Researchers Explore Caspase-1 as Potential Therapeutic Target for CLN3 Disease

Researchers Explore Caspase-1 as Potential Therapeutic Target for CLN3 Disease

Caspase-1 — an enzyme involved in several cellular processes, including inflammatory responses — is a potential therapeutic target to revert some of the features of CLN3 disease, the juvenile form of Batten disease, according to a mouse study.

The study, “Caspase 1 activity influences juvenile Batten disease (CLN3) pathogenesis,” was published in the Journal of Neurochemistry.

CLN3 disease is the most common form of Batten disease and is caused by mutations in the CLN3 gene, which provides instructions to make a protein called battenin. Symptom onset occurs between 5 and 10 years of age, and often begins with progressive blindness and seizures, followed by motor and cognitive deterioration.

The disease is characterized by the toxic accumulation of molecules inside lysosomes — cellular structures responsible for breaking down waste — which mainly affect brain cells. However, recent evidence suggests that lysosomal waste accumulation is not a direct cause of neurodegeneration in juvenile Batten disease.

Another hallmark of this disease is the abnormal activation of astrocytes and microglia — cells located in the central nervous system that are involved in the support and protection of nerve cells — in the brains of both patients and mouse models of the disease.

While the biological function of battenin remains unclear, it has been involved in lysosomal activity, mitochondrial function (cells’ powerhouses), and cell death, among other processes. In addition, increased levels of inflammatory molecules have been observed in the brain of a mouse model of CLN3 disease (animals lacking the CLN3 gene).

Recent findings have shown a link between lysosomal and mitochondrial dysfunction and the activation of caspase-1 in several diseases, including Alzheimer’s disease, atherosclerosis, and spinal cord injury. Caspase-1 is an enzyme involved in several cellular processes, including the production of inflammatory molecules, cell death, and lysosomal, mitochondrial and nerve cell function.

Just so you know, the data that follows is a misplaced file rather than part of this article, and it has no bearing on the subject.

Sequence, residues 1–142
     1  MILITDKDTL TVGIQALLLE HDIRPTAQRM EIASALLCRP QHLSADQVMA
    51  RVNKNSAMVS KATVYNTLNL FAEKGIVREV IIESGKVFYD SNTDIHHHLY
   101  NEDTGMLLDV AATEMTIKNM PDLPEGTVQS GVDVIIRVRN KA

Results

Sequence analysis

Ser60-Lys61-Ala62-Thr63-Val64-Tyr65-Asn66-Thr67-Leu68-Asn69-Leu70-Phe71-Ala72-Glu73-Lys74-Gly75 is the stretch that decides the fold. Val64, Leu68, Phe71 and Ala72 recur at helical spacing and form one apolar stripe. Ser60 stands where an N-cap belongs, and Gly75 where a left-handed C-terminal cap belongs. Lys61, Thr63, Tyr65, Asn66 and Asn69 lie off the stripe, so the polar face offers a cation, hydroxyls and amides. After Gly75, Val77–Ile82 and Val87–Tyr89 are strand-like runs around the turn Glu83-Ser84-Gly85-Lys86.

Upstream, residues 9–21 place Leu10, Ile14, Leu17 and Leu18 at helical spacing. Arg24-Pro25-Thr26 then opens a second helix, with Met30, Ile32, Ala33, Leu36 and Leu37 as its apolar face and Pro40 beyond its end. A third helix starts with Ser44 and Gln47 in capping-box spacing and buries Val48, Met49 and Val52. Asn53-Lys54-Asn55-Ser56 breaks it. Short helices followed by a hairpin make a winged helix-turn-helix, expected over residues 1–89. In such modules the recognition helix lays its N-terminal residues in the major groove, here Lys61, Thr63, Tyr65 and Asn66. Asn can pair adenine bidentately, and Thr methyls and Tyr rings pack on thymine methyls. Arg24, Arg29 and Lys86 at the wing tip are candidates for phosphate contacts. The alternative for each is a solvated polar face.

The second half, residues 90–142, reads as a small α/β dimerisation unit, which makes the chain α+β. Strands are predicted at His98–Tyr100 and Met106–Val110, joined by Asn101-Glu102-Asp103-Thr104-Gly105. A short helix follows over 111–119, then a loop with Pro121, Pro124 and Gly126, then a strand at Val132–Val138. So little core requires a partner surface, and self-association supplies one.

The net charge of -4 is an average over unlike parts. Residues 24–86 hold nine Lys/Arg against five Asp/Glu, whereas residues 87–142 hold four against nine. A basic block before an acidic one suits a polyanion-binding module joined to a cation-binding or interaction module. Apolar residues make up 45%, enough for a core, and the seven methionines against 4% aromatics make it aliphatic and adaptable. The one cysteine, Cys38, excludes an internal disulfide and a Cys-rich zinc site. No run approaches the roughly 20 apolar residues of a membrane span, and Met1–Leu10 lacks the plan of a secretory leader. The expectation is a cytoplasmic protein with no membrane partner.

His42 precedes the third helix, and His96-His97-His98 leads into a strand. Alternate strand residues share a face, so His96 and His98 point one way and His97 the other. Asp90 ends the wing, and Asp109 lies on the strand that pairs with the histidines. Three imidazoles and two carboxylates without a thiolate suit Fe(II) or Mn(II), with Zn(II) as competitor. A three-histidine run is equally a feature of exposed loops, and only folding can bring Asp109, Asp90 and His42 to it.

Excessive activation of caspase-1 also is present in microglial cells of a mouse model of CLN3 disease, suggesting that this enzyme may have a role in the development of the disease.

Researchers at University of Nebraska Medical Center evaluated the effects of caspase-1 activity in CLN3 disease by deleting Casp1 — the gene containing the instructions for the production of caspase-1 — from a mouse model of CLN3 disease.

They found that the deletion of Casp1 significantly reverted the motor coordination deficits and the abnormal activation of astrocytes characteristic of CLN3 disease, to levels comparable to those of healthy mice.

However, not all features of CLN3 disease were found to be influenced by caspase-1, since lysosomal accumulation and microglial activation were similar between CLN3 mice with or without the Casp1 gene.

These results reinforced the idea that lysosomal accumulation is not the main driver of neurodegeneration in CLN3 disease.

Also, while mice with CLN3 disease have shorter whiskers, Casp1 deletion in these mice resulted in longer whiskers, partially rescuing their length to that of healthy mice.

“Based on the importance of whiskers for object identification and navigation, the whisker atrophy in … [mice with CLN3 disease] suggests an intriguing functional parallel with visual loss in CLN3 patients, although this remains highly speculative,” researchers wrote.

“This study is the first to document a pathological role for caspase-1 activity in [mice with CLN3 disease] …, revealing an impact on motor behavior, astrocyte activation, and whisker length,” they added.

The results suggest that targeting caspase-1 in patients with CLN3 disease may potentially revert some of the features/symptoms of the disease.

The team noted that additional studies are necessary to identify caspase-1 target molecules, which may unravel new underlying mechanisms of CLN3 disease.

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